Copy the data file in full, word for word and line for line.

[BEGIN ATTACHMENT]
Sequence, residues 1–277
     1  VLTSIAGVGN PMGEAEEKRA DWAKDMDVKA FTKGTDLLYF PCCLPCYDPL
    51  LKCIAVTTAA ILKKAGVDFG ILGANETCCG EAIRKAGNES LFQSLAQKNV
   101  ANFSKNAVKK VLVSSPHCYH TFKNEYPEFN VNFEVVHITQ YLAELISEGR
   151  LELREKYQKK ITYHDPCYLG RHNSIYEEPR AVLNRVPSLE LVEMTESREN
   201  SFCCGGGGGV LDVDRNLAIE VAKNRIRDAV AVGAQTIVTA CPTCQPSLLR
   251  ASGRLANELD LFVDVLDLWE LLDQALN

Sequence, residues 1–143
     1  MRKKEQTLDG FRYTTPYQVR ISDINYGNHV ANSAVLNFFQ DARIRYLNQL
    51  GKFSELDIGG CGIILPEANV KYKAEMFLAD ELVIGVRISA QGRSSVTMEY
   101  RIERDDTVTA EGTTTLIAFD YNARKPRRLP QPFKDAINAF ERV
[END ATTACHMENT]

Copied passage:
Sequence, residues 1–277
     1  VLTSIAGVGN PMGEAEEKRA DWAKDMDVKA FTKGTDLLYF PCCLPCYDPL
    51  LKCIAVTTAA ILKKAGVDFG ILGANETCCG EAIRKAGNES LFQSLAQKNV
   101  ANFSKNAVKK VLVSSPHCYH TFKNEYPEFN VNFEVVHITQ YLAELISEGR
   151  LELREKYQKK ITYHDPCYLG RHNSIYEEPR AVLNRVPSLE LVEMTESREN
   201  SFCCGGGGGV LDVDRNLAIE VAKNRIRDAV AVGAQTIVTA CPTCQPSLLR
   251  ASGRLANELD LFVDVLDLWE LLDQALN

Sequence, residues 1–143
     1  MRKKEQTLDG FRYTTPYQVR ISDINYGNHV ANSAVLNFFQ DARIRYLNQL
    51  GKFSELDIGG CGIILPEANV KYKAEMFLAD ELVIGVRISA QGRSSVTMEY
   101  RIERDDTVTA EGTTTLIAFD YNARKPRRLP QPFKDAINAF ERV